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Journey through narrow Panama Canal as HMS Montrose continues deployment

28 November 2018
Warship HMS Montrose navigated the narrow locks and lakes of the Panama Canal to get to the Pacific Ocean and start the next phase of her deployment.

The Type 23 frigate spent seven hours crossing the waterways which join the Atlantic Ocean to the Pacific, saving the ship a 3,000-mile journey around Cape Horn in South America.

It was a busy day for the navigation and seamanship teams which started at the entrance of the canal, the port of Colón, and continued into the series of locks and lakes. At its narrowest, the Panama Canal stretches just 30m making it a tight fit for the 16m-wide Montrose, which is on a landmark deployment to the Middle East.

Once carefully driven into the first lock, the Plymouth-based ship was connected to a series of small trains, known as mules, and pulled through into the open water of man-made Gatun Lake.

On the other side of the lake, she started her final leg through the humid Las Cumbres surrounded by lush jungle flora, visible from the upper deck.

Seven hours after setting off, HMS Montrose passed into the Miraflores lock and entered the Pacific.

Thanks to the hard work of all on board, the transit went very smoothly.

Commanding Officer Commander Conor O'Neill

Commanding Officer of HMS Montrose, Commander Conor O'Neill, said: "Transiting the Panama Canal is another significant milestone on our global deployment and it was a great experience for all of us.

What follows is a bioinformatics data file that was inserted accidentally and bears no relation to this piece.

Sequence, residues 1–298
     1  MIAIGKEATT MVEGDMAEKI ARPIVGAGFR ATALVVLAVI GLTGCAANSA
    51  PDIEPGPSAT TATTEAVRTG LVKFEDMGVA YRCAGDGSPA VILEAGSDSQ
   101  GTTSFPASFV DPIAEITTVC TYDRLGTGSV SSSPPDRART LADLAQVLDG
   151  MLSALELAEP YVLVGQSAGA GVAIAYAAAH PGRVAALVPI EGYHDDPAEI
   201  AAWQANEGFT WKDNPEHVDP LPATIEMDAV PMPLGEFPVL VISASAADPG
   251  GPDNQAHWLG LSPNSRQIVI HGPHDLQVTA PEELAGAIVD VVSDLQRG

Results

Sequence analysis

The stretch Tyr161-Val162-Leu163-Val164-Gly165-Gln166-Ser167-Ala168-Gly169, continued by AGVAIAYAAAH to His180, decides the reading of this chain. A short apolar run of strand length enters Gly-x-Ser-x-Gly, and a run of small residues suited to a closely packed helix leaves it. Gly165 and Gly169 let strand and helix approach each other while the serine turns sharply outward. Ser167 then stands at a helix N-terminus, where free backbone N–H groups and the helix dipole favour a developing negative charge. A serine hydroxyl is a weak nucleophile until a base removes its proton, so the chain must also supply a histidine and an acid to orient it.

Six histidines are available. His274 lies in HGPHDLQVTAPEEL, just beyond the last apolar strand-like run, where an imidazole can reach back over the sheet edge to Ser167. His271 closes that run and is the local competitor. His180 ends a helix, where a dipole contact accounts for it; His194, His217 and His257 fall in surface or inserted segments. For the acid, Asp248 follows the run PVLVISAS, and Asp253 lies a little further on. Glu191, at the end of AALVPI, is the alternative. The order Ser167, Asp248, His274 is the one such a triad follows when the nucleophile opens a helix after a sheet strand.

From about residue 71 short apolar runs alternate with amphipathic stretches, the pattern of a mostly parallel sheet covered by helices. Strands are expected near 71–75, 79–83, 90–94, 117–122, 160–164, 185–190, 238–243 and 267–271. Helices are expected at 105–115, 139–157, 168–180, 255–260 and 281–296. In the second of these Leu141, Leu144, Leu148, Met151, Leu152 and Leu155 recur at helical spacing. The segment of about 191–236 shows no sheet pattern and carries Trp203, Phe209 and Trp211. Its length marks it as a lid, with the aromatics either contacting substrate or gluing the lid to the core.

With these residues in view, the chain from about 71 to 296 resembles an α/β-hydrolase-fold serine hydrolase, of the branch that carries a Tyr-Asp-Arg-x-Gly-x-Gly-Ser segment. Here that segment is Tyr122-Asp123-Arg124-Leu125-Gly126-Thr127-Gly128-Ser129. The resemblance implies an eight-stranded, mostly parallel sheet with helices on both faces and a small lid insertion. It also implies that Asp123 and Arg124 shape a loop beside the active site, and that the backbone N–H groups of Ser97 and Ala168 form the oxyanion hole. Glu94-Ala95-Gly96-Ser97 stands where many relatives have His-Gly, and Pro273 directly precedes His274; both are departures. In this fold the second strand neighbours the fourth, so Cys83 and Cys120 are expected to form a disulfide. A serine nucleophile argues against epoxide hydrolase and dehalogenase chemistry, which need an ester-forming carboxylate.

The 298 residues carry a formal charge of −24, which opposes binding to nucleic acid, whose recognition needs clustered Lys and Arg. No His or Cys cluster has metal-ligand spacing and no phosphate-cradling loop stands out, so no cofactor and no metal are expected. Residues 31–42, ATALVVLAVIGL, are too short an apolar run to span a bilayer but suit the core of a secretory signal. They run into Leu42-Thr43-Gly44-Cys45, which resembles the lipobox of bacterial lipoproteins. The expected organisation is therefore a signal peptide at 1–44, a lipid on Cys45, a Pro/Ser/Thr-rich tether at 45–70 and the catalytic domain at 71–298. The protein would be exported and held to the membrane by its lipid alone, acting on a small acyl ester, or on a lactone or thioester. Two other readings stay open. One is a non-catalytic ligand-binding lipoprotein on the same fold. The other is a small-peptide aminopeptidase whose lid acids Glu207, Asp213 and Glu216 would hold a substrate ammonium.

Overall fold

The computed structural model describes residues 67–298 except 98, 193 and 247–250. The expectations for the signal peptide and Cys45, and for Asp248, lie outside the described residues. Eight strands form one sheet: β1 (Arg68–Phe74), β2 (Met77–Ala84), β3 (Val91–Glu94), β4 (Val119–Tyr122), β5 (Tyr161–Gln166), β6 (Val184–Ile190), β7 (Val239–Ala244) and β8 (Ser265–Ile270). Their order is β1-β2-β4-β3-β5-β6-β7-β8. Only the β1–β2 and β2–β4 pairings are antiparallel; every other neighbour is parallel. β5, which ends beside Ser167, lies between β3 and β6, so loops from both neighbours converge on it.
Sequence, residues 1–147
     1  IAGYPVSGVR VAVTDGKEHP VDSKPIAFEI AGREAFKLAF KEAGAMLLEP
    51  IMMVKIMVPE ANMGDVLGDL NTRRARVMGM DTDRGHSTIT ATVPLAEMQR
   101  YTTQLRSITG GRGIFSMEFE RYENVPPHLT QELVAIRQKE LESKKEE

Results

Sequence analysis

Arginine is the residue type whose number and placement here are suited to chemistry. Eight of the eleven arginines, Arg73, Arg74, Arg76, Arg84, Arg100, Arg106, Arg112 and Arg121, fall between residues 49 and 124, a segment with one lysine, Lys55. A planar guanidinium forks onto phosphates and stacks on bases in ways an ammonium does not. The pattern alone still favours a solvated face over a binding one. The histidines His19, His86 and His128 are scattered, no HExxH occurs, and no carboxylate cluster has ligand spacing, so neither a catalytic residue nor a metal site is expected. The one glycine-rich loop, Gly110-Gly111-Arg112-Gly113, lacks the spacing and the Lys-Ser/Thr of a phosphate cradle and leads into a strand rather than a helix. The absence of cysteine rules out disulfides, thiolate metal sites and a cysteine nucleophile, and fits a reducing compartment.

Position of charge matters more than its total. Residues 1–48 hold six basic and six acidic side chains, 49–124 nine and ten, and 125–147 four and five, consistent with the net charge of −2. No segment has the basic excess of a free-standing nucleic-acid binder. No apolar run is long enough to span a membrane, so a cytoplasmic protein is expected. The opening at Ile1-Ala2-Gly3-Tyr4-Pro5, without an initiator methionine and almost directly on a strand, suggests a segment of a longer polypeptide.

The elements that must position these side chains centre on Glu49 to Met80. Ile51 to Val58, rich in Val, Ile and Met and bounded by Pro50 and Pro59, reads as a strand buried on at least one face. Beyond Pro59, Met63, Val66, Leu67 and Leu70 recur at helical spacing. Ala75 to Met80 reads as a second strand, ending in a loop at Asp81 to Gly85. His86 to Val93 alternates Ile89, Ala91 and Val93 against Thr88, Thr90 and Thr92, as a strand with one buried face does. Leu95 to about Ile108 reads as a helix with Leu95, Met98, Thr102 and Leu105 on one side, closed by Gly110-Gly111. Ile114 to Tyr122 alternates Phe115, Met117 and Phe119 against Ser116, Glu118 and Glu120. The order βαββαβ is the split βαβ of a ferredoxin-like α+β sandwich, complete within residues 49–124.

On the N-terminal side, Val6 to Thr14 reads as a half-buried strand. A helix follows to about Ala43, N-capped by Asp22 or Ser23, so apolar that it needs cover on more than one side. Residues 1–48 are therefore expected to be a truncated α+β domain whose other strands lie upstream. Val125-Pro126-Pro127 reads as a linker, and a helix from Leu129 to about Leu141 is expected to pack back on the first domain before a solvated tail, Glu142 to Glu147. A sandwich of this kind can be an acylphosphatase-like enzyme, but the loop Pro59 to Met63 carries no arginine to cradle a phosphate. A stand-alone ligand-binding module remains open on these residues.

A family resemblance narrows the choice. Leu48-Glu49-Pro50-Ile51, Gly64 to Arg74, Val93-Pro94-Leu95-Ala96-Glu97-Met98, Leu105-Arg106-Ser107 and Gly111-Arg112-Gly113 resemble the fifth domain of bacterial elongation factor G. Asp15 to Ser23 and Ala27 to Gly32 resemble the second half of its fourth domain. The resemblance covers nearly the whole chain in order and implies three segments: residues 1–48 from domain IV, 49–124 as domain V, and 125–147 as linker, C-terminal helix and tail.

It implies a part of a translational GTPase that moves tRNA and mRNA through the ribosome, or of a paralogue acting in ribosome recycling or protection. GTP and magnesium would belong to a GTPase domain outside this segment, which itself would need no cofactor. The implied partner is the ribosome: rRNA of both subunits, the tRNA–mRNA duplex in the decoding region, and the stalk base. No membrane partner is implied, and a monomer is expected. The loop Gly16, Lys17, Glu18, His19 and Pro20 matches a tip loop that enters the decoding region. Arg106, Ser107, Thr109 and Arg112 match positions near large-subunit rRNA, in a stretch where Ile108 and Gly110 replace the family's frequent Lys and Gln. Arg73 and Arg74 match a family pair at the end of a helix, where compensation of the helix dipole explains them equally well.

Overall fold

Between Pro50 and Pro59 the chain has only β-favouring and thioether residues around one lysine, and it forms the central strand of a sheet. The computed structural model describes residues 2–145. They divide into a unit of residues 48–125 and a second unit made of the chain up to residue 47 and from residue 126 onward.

"Thanks to the hard work of all on board, the transit went very smoothly."

For crew not directly involved in the journey through the canal, there was a chance for them to learn a vital, life-saving skill and raise money for charity.

Surgeon Lieutenant Adam Sales, Montrose's medical officer, organised a sponsored CPR-athon with the aim of training the entire ship's company. At times while crossing the Pacific, the ship will be more than 2,000 nautical miles from land and their training could be crucial. 

Starting at 3.24pm, Medical Assistant Emma Southall kicked off the fundraiser by doing chest compressions on a dummy patient. Leading Medical Assistant George Turnball took over and, for the next seven hours, every member of the ship's company carried out at least four minutes of CPR.

So far, the crew has raised more than £700 for the British Heart Foundation and the Royal Navy and Royal Marines Charity.

Surgeon Lieutenant Sales said: "This was a fantastic event that could not have occurred without the support of both the medical team and the wider ship's company.

"It combined a crucial element of whole-ship medical training with an important wider message: effective CPR saves lives. Whether on a warship in the Pacific or in the UK going to the shops, you never know when you might have to use it."

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